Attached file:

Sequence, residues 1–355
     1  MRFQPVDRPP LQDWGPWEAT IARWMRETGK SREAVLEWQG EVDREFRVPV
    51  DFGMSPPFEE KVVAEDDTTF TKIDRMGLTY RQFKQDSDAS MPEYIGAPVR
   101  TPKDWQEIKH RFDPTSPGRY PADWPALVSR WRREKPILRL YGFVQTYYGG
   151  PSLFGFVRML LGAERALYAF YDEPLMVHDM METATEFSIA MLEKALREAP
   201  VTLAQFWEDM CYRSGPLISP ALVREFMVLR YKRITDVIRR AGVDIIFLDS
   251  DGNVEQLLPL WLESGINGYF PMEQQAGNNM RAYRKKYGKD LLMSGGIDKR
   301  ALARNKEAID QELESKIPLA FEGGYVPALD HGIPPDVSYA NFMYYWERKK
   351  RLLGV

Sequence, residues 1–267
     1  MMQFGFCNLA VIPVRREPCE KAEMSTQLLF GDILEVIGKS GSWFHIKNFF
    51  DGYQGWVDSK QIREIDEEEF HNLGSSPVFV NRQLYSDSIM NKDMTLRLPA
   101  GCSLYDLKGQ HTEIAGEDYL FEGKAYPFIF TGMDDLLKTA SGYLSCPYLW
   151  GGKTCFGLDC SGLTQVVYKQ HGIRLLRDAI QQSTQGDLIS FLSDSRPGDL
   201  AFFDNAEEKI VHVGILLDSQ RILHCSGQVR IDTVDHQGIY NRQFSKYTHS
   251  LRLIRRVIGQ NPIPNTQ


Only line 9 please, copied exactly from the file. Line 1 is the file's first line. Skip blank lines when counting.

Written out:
   351  RLLGV